Obama: Congress, not courts, should resolve 'Don't Ask' law
November 5, 2010
WASHINGTON, Nov. 3, 2010 -- President Barack Obama said today he hopes the current Congress will resolve the uncertainty about whether gay men and lesbians can serve openly in the military.
In a White House news conference, Obama said he hopes the law will be repealed to allow gays to serve openly because "it's the right thing to do."
"I've been a strong believer that if somebody is willing to put on the uniform, and put their life at risk, that they should not be prevented from doing so because of their sexual orientation," he said.
Defense Secretary Robert M. Gates and Navy Adm. Mike Mullen, chairman of the Joint Chiefs of Staff, also have supported Congress repealing the law, but at a pace that would allow an orderly process for the change.
Obama noted that a major Defense Department survey of servicemembers and their families on the issue of repealing the law is due out early next month. "I will expect that Secretary of Defense Gates and Admiral Mullen will have something to say about that, and that will give us time, particularly in the lame duck session, to act on this review," he said.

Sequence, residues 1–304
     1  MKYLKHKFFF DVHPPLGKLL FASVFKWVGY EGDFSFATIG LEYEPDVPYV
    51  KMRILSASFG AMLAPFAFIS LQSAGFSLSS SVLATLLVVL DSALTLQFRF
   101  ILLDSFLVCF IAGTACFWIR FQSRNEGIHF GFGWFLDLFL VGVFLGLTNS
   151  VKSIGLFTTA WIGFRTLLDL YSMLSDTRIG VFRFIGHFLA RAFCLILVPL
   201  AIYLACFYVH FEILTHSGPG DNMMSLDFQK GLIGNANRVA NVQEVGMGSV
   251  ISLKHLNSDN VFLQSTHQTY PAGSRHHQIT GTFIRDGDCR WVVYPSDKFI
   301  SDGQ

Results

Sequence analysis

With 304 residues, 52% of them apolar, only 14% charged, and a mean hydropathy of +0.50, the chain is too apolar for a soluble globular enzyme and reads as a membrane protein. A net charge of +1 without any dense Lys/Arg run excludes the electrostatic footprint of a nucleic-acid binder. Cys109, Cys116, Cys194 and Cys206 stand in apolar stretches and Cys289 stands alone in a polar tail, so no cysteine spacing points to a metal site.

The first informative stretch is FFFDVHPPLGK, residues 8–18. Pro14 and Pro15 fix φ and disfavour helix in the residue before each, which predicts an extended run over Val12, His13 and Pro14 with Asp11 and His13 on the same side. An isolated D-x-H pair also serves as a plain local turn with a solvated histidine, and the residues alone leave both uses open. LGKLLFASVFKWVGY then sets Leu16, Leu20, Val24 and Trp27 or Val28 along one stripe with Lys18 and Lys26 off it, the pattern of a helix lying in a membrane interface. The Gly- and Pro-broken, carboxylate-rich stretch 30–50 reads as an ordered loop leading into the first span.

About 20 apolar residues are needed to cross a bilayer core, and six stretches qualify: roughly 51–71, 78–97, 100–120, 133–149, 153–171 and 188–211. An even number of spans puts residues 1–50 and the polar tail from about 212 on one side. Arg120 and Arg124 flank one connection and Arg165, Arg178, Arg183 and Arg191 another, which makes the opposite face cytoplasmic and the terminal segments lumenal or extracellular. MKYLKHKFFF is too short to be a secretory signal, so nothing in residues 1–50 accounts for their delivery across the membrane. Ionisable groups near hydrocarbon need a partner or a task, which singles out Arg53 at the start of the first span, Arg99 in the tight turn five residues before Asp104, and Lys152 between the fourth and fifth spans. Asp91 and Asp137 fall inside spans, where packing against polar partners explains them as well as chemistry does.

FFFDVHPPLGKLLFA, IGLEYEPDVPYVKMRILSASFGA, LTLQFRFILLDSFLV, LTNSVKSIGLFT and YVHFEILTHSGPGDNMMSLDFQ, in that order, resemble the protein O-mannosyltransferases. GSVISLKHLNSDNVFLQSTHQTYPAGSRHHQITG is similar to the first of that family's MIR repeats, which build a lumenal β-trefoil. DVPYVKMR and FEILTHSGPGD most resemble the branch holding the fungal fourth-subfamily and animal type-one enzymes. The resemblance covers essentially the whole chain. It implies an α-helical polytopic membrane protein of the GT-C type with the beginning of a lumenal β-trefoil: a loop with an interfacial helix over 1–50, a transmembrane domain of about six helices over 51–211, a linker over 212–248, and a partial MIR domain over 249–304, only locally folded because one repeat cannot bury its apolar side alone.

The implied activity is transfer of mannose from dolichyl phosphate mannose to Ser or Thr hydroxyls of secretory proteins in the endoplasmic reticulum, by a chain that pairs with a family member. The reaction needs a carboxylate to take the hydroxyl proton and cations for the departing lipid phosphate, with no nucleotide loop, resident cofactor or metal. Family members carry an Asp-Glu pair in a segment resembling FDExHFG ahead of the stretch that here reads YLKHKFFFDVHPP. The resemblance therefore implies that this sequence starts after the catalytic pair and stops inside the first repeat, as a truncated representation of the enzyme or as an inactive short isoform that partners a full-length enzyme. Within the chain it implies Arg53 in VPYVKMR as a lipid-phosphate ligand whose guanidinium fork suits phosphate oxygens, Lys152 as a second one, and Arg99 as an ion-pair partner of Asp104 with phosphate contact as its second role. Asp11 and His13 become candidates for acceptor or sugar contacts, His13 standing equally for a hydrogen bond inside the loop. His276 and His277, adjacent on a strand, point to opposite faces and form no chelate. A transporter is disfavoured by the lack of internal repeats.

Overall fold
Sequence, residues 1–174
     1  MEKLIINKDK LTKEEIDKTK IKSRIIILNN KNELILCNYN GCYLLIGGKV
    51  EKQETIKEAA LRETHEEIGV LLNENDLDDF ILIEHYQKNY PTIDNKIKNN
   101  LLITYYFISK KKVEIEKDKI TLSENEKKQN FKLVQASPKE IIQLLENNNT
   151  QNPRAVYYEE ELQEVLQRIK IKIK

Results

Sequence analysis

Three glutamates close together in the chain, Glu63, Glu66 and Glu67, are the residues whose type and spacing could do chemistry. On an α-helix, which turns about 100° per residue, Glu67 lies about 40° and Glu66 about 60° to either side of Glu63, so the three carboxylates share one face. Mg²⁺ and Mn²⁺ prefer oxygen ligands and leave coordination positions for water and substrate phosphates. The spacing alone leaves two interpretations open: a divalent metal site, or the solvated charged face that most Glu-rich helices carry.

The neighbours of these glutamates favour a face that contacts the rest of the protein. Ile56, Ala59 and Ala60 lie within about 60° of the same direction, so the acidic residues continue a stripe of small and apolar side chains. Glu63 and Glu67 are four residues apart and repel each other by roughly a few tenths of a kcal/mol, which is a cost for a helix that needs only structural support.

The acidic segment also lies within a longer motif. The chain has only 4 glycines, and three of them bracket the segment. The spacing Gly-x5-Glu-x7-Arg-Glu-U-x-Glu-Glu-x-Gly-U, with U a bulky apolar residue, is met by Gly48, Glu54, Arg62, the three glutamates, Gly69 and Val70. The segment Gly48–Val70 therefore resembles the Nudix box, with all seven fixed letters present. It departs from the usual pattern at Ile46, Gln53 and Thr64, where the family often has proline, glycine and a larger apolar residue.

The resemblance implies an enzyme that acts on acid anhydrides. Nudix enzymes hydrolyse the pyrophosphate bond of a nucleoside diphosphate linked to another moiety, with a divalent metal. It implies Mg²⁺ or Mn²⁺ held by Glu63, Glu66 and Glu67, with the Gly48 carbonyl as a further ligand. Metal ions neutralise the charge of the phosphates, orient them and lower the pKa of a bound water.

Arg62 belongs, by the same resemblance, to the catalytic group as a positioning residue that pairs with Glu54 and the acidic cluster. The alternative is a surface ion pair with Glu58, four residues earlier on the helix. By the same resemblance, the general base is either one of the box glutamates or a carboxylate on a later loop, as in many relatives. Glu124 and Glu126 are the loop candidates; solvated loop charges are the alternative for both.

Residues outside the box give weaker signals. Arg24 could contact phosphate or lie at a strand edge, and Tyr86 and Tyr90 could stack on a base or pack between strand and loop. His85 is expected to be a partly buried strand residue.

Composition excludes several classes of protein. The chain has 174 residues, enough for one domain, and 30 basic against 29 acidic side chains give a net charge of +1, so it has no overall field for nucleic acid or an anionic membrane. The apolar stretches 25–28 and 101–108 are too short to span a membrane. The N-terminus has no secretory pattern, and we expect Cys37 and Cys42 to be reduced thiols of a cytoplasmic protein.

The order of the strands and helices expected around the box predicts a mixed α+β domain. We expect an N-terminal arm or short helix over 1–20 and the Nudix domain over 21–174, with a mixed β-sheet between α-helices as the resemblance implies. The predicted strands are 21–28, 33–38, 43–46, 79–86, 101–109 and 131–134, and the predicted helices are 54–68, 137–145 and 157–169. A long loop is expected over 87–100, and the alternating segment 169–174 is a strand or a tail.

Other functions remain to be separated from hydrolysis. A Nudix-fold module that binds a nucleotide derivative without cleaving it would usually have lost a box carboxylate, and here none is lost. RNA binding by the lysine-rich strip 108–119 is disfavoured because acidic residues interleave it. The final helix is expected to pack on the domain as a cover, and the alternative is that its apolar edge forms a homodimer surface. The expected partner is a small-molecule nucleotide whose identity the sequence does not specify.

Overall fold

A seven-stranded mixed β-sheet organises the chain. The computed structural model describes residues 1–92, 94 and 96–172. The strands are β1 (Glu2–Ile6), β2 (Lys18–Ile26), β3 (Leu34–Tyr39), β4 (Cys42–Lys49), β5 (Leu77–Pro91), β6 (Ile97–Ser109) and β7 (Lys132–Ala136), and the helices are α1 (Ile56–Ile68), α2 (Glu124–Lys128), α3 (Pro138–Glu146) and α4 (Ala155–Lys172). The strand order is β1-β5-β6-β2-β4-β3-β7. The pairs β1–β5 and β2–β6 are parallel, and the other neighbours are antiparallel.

A series of judicial rulings and appeals has been disruptive, Obama said, forcing the military to have to quickly change course on whether and how to implement the law. Congress repealing the law would make for a more orderly process, he added.
The president noted that recent national polls show most Americans support allowing gays to serve openly in the military.
"We need to provide certainty, and it's time to move this issue forward," he said. "This shouldn't be a partisan issue. Folks willing to serve on our behalf should be allowed to do so fairly and equally."